Preliminary findings show abnormal renal parameters in nearly one in five adults surveyed

Almost one in five adults surveyed in Tamil Nadu had abnormal renal parameters, indicating the need for increasing awareness of chronic kidney disease, according to the preliminary findings of the Tamil Nadu Chronic Kidney Disease Prevalence Survey.

The study was conducted among persons aged above 18 in 177 areas across the State during February 2022. Of the 4,741 adults, who consented for the survey and from whom samples were lifted, 455 (9.5%) had elevated creatinine level, 276 (5.8%) had albumin and 367 (7.7%) had red blood cells in the urine. Overall, 934 persons — 19.7% — had either blood or albumin in urine or an elevated serum creatinine level, according to the survey that was conducted by the Directorate of Public Health and Preventive Medicine.

The report says these individuals will be followed up after three months and a re-test will be done to check whether the abnormal values are persistent. Only if they have consistently abnormal values will they be confirmed as having chronic kidney disease. As an immediate step, they will be referred to nearby higher institutions for a complete evaluation.

Screening for chronic kidney disease among adults, especially those with risk factors such as diabetes and hypertension, is vital as early diagnosis and timely management can prevent the progression of the disease. “The chronic kidney disease survey is only preliminary, the individuals need to be followed up. We have slightly higher levels of suspected chronic kidney disease, but it needs confirmation. Essentially, what is needed is risk factor control,” Director of Public Health T. S. Selvavinayagam said.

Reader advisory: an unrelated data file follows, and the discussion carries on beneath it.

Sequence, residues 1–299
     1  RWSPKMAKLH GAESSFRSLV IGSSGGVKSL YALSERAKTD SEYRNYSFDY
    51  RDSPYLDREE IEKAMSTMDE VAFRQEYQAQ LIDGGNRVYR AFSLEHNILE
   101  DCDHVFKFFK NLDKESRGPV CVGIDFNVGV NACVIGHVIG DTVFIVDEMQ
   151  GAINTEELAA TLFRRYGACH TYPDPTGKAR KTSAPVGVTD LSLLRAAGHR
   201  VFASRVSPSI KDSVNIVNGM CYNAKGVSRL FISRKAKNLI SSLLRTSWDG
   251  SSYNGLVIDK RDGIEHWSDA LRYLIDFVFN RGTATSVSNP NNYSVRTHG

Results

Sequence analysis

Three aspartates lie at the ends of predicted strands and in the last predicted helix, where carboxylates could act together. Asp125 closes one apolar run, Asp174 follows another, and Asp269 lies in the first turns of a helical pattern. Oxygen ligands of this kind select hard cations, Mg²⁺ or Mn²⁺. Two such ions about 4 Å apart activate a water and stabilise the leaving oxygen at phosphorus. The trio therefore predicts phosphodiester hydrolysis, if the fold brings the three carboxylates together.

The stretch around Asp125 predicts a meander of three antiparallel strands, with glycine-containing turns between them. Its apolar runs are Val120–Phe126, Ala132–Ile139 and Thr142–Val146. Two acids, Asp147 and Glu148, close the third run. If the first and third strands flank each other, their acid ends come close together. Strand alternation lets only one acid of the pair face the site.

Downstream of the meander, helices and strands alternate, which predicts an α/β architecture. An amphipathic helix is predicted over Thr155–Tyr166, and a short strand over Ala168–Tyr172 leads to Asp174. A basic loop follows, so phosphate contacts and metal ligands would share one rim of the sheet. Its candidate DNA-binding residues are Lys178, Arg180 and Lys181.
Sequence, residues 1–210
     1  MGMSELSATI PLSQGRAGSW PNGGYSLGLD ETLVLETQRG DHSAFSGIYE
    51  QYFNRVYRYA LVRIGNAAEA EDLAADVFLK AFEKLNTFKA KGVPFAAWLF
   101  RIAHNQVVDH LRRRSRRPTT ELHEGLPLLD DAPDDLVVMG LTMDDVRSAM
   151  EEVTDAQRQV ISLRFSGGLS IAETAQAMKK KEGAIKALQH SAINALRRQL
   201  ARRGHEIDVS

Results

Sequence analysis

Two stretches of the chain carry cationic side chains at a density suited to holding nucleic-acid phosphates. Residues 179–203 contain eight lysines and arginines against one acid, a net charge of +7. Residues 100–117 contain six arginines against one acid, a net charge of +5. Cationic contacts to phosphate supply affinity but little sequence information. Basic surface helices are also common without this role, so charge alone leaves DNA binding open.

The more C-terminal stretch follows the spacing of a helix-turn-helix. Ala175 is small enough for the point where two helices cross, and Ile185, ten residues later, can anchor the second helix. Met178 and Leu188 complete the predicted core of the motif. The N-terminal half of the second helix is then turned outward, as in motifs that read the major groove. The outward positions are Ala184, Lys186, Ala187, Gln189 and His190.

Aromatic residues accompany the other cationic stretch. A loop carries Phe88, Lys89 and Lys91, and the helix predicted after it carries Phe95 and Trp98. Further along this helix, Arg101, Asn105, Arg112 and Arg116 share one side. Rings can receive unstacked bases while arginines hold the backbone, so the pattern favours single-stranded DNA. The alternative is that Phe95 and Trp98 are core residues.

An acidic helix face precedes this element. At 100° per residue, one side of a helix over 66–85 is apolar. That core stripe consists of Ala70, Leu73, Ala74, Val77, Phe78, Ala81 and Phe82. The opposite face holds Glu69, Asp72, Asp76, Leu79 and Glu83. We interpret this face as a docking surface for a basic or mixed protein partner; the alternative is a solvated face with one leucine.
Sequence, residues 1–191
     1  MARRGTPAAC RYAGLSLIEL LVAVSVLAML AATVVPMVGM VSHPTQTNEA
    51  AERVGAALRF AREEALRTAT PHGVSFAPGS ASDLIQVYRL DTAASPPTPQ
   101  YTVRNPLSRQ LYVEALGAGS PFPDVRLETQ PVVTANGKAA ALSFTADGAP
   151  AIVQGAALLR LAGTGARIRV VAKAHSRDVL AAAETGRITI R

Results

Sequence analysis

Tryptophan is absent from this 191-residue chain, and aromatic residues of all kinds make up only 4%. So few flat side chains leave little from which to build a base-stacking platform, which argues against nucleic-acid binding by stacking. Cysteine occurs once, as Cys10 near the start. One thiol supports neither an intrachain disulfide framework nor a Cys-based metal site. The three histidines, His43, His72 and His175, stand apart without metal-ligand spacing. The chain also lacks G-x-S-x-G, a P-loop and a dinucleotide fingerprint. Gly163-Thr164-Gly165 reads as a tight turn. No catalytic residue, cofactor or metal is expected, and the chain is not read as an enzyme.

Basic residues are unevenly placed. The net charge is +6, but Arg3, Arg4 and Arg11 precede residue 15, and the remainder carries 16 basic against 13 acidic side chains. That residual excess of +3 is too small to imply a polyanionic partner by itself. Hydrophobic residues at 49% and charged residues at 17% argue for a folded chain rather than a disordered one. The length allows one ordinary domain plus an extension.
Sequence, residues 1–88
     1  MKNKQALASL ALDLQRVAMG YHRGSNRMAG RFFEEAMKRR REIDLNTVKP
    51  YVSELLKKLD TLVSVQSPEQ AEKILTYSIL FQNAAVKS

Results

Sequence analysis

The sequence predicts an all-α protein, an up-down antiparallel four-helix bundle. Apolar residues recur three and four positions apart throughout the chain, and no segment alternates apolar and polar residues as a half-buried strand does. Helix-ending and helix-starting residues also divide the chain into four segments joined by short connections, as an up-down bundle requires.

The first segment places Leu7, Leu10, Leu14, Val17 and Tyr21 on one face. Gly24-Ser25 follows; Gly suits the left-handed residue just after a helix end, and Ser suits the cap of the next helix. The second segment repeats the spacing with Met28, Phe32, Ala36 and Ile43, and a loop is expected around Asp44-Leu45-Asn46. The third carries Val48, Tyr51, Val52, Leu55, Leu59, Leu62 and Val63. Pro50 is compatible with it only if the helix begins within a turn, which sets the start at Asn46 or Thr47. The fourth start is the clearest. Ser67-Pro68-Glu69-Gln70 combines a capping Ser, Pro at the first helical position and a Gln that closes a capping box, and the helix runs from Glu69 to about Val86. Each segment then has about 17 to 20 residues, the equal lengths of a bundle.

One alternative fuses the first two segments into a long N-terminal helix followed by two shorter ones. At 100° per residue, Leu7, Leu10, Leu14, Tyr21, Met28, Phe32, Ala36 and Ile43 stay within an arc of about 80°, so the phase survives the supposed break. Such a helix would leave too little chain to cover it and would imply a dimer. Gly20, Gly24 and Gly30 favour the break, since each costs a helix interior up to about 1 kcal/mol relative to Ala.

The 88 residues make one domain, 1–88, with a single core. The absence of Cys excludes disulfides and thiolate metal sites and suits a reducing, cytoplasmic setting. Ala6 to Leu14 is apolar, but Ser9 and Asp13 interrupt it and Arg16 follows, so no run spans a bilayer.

Noting that it was time to focus on the control of non-communicable diseases, he said control meant not just treatment but also bringing the biological values down to the normal.

Need for survey

The chronic kidney disease is a major contributor to the mortality and morbidity due to non-communicable diseases. Haemodialysis is the most utilised package under the Chief Minister’s Comprehensive Health Insurance Scheme, indicating the huge burden of the chronic kidney disease. However, the State has scarce and patchy data of chronic kidney disease epidemiology. At present, there were data sourced only from the cases reported at various hospitals through insurance claims and other non-communicable disease reports, the report said.

“Tamil Nadu is the first State in the country to have a systematic pan-State survey for chronic kidney disease,” N. Gopalakrishnan, director, Institute of Nephrology, Madras Medical College and Rajiv Gandhi Government General Hospital. “This is the first phase of the study. The purpose of the study is to detect kidney disease. Those who have been found to have a decline in kidney function and/or protein leakage in the urine or presence of red blood cells in urine will undergo a repeat test after three months to confirm the persistence of the abnormalities. Only those with persistent abnormalities for three months will be defined as having chronic kidney disease,” he explained.

The design and methodology was developed by the Institute of Community Medicine with technical inputs from the Institute of Nephrology, Madras Medical College. The study was funded by the National Health Mission, Tamil Nadu.

Survey method

A total of 177 clusters were identified through the cluster random sampling method based on population proportions to size. Thirty adult participants were included from each cluster to arrive at a sample size of 5,310. A questionnaire was given to each participant, while blood samples were collected and serum was separated by centrifuging at the primary health centres. Urine samples were collected and tested on the spot for albumin and red blood cells with dipstick. All the serum samples were transported to the State Public Health Laboratory and serum creatinine was measured through the isotope dilution mass spectrometry reference standards.

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Printable version | Jun 7, 2022 12:55:29 am |